Friday, April 13, 2012

Free Play and Birthday Parties

My son turned ten a couple of weeks ago. For several years now, his idea of a great birthday party has been to ask his friends to bring their bikes so they can ride and play together. As they got older, they added simple ramps to their riding to make things even more fun.

When I asked him what he wanted to do for his party this year, I expected the same plan. Instead he replied, "I'm not sure, yet." I told him to think about  it and let me know. When I asked him a few days later if he had decided, he asked, "Can we build a fort in the woods?" I'm sure you know my response... "Of course!"

His invitation simply told kids to be prepared for "fort building in the woods and cake on the porch. Rainy day plan is LEGO's inside." The invitation also said the party would go from 1-3:30 if it rained and 1-4:30 if it were nice.

I'm sure many of you are feeling concerned about hosting a birthday party for a ten-year-old at your house. More and more parties in our area are held in venues that specialize in hosting birthday parties. Places such as arcades, bowling allies, and gymnasiums all offer highly structured programs that include some form of activity followed by pizza and drinks followed by cake and ice cream (or something similar). I understand the draw- the venue handles all of the planning and execution of the party. And, you don't have to clean up afterwards!

But here's what I've found. Planning a party like my son's takes almost no planning on my part. That's the best part- he gets his friends here and they decide what to do together.

On the day of his party it was raining, so we moved the furniture back in our living room to create an open area for LEGO building. Then we brought his bin of LEGOs downstairs. We laid out everything to serve the cake and ice cream and that was it. That was the entire preparation for the party. (My son no longer wants to hang decorations, so that was left off the usual "to do" list).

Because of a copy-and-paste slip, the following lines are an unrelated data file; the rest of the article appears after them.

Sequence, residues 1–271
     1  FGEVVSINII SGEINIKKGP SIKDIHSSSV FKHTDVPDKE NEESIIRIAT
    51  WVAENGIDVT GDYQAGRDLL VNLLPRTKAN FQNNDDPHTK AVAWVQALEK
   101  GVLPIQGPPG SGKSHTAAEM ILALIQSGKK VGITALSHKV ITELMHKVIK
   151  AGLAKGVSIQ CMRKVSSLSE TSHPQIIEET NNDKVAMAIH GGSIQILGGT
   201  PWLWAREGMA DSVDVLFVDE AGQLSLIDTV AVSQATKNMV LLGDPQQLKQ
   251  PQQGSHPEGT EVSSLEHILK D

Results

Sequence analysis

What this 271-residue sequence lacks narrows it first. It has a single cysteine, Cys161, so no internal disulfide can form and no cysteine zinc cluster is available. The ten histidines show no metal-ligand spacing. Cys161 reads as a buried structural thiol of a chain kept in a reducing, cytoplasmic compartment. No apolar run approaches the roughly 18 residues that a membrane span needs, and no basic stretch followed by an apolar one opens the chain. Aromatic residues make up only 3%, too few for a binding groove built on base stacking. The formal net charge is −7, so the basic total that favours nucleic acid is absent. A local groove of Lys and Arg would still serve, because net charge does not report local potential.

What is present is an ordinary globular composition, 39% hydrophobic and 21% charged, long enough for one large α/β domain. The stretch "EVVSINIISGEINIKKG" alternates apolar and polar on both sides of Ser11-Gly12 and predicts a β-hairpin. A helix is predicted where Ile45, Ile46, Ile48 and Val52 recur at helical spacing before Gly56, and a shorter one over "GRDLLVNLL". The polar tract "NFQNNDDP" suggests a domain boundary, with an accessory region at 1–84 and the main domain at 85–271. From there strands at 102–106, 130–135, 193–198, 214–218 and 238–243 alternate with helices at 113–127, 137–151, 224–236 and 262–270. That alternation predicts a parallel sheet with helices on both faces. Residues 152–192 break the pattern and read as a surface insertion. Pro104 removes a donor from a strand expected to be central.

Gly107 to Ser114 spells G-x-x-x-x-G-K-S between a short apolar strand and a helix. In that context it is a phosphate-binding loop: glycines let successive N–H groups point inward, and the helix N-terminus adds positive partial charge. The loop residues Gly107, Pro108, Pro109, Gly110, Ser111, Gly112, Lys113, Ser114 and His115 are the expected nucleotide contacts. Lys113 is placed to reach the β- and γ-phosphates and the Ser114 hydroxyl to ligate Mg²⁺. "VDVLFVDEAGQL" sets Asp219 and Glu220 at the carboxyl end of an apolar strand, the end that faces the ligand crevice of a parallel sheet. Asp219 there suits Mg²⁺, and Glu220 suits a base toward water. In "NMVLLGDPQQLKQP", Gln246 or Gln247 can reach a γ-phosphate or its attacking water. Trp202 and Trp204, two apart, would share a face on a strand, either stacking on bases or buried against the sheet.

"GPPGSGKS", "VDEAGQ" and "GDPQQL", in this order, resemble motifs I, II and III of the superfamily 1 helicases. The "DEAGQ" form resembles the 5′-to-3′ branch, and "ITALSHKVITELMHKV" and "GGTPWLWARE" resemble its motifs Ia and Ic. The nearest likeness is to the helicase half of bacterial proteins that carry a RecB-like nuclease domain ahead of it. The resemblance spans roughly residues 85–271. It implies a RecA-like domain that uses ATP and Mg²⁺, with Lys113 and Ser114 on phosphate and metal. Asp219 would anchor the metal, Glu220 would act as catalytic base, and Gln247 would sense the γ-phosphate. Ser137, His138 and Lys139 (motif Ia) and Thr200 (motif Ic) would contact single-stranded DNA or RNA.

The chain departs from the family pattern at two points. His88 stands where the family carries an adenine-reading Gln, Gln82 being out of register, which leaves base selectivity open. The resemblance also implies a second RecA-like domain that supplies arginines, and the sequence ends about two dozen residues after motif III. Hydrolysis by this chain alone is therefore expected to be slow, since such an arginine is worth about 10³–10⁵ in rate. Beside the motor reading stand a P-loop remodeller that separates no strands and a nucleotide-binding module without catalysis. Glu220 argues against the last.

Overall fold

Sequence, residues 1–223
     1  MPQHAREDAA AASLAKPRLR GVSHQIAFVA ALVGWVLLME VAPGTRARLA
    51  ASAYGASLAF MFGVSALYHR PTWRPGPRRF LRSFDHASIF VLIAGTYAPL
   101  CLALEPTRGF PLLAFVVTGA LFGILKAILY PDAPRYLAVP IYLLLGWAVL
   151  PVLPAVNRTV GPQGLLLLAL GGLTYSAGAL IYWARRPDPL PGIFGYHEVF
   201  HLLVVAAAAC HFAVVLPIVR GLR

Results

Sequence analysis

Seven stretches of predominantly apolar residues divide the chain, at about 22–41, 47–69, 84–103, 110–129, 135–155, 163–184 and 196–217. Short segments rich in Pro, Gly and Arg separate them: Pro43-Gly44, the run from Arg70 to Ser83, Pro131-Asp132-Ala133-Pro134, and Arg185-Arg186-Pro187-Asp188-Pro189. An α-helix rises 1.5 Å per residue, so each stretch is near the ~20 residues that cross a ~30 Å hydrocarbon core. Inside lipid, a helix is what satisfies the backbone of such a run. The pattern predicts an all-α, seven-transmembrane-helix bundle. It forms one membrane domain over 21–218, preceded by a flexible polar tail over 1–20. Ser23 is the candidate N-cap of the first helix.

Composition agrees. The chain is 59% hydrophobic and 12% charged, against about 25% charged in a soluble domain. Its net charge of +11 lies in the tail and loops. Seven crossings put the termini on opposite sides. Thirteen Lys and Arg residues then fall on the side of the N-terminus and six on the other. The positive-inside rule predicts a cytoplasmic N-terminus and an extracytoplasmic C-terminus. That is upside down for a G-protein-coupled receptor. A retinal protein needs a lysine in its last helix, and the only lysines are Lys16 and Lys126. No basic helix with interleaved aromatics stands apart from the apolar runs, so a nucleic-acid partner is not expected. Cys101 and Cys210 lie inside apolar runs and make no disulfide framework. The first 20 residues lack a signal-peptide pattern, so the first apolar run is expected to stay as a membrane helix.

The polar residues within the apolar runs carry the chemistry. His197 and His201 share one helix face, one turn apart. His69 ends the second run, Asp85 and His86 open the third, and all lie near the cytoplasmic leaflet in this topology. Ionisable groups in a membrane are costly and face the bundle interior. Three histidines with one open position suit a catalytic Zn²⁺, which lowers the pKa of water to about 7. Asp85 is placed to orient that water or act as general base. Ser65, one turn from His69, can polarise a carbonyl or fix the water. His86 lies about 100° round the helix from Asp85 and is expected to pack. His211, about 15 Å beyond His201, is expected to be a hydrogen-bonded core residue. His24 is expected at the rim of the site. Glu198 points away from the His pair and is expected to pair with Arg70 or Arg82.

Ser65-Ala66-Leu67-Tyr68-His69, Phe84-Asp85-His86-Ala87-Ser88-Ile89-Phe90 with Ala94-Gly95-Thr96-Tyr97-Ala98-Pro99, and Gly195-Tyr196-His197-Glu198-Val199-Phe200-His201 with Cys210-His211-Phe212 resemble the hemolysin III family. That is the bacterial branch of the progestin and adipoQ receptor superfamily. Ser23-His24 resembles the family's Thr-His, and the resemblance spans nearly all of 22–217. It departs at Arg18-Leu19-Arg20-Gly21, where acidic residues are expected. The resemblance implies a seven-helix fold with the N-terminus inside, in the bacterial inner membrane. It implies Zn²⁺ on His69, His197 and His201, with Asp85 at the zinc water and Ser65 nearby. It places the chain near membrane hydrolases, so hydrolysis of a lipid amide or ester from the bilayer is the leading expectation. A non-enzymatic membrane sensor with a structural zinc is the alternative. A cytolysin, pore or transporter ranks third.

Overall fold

Including my two kids, we had a total of ten children here. My son only invited his closest school friends and some special family friends. I know it's hard to resist the now common practice of inviting your child's whole class, but that really isn't necessary.

So the day started with ten kids in our living room building with LEGOS. As the rain let up to a light mist, my son asked if they could go outside. He was just busting to build that fort with his friends! Most of the rest of the party was spent building "Fort Awesome" which was later renamed to "Fort Not-Awesome" when it collapsed. But the boys weren't even remotely discouraged- they were smiling, happy, and excited about their "work" together! I don't know exactly what they did or how they worked because we grown-ups just stayed out of it. My husband and one other dad checked in on them a couple of times, but we left them to do what they wanted. I later heard of one 10 year old praising the 5 year old and 6 year old for their "Awesome job" dragging logs closer to the fort. The team work was apparently amazing and we (the grown ups, that is) had nothing to do with it!

Once the fort building found a natural ending point, they had cake and ice cream (inside since it was too cold on the porch). Then my son opened his gifts and they went back to playing with LEGOs for the last half hour or so.

It was a wonderful day. My son had a blast. The adults were relaxed. And clean up was easy.

If you're still skeptical about planning this sort of party for your children, I hope you'll read these earlier posts to see my planning suggestions.

Loose Parts Play Introduces the idea of this kind of party and provides resources for sharing nature with children.
Loose Parts Play, Part 2  Includes my "Top 10 List" for party planning.
Loose Parts Play, Part 3 Offer specific advice for folks who don't have a yard or live in a small apartment.

Have you planned this kind of part or playdate for your children? How did it go? Do you have any suggestions to add to mine?

No comments:

Post a Comment